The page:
Cream and sugar are two things many people put in their coffee; it’s also the name of a coffee shop at the corner of Brewster Avenue and Montgomery Road in Evanston with a focus on community.
“We were pretty set on it,” said Taren Kinebrew. “We walked in and were like 'we can do this.'”
Taren co-owns the coffee shop with Crystal Grace. The two have been friends since their days at Withrow High School in the '80s.
“We met I was in the ninth grade and Taren was in the 10th and we met at new student orientation,” recalled Grace. “We just bonded and pretty much stayed together from there.”
“She couldn’t get rid of me. She was my first friend,” said Kinebrew.
Not only were they instant friends, they both followed similar paths after graduating high school by entering military service.
“I joined the Army in 1988 and that’s where I started my career in the military,” said Grace.
Kinebrew joined the Army National Guard in her senior year. It was something that almost didn’t happen.
“I almost didn’t make the minimum weight. I was a pound above. They told me, 'You cannot lose weight,' and I was like 'I’m trying to gain weight,'” Kinebrew recalled.
While they both went their separate ways in the service, they kept in touch.
“We never crossed paths until after we both ended our military careers and came back to Cincinnati and reconnected at that time,” said Grace.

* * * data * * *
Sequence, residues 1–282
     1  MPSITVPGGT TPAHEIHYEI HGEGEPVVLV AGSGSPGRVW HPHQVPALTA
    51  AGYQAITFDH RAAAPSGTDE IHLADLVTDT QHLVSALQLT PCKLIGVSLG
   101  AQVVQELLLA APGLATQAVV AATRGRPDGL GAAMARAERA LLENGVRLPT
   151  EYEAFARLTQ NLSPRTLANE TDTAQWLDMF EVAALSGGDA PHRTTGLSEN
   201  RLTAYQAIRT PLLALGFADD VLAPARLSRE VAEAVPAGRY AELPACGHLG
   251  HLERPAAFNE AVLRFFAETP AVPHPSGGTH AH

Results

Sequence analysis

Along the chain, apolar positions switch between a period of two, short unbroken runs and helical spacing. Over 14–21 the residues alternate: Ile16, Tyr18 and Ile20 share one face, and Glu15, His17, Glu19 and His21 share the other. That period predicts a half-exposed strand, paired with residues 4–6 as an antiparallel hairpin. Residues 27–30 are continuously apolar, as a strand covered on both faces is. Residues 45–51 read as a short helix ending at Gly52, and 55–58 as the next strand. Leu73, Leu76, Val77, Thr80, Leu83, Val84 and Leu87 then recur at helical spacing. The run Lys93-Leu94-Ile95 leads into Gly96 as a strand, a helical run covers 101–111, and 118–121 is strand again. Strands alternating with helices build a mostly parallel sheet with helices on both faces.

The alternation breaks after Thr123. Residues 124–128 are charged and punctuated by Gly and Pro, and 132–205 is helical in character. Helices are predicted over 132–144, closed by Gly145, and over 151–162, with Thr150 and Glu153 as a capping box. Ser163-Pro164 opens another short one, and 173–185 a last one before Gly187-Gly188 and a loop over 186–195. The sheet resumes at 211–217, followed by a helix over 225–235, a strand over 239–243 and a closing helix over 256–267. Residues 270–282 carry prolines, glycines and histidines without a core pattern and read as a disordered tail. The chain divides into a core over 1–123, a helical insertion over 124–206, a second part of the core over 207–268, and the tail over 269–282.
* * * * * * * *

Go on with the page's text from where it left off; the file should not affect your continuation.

Flash forward to 2019 and each had their own thing going. Kinebrew was running Sweet Petite Desserts Company and Grace was running Grace and Grit Spa in Silverton.
“The veterans retraining program is how I got licensed as an esthetician,” said Grace.
But in the middle of the pandemic, the two Army veterans decided to partner up for a new mission.
“Out of the blue I get a phone call from Taren and she says, 'Hey, I think it’s time for us to do something together,'” said Grace.
That call led them to the corner of Montgomery Road and Brewster Avenue, where a former coffee house had closed and sat empty. The idea now was to help the community of Evanston thrive by percolating support for those who live there, local Black artists and women entrepreneurs.
“I was raised in Evanston, been a homeowner here for the past 23 years, so this is my neighborhood, and it’s very important to me that children of color see entrepreneurs that look like them,” said Grace.
While coffee is the headline, their food menu is very deliberate.
“We went plant-based because just in the African American community there’s so many health ailments — high blood pressure, high cholesterol,” Grace said. “We wanted to be the answer to that, instead of the cause of that.”
Both point back to their military service and how it now serves them in so many ways navigating a successful business.
“Just having the discipline knowing in any type of work environment and knowing people are counting on you so you have to do your part,” said Kinebrew.
“My whole foundation of being on time, being disciplined, working hard, was everything I got from the military,” said Grace.
As for the name of the coffeehouse?
“We would always call ourselves salt and pepper, but we didn’t think that would sound too great for a coffee shop,” Kinebrew said. “So she (Grace) was like, 'What about cream and sugar?' and I’m like 'I can roll with that.' It was just a play off our complexion is what it boiled down to."
At this writing, the coffee house is closed on Mondays due to staff shortages, but they’re hoping to get staffing back up to normal. You can read more about them both and what their mission is on their website: https://www.creamandsugarcoffeehouse.com/.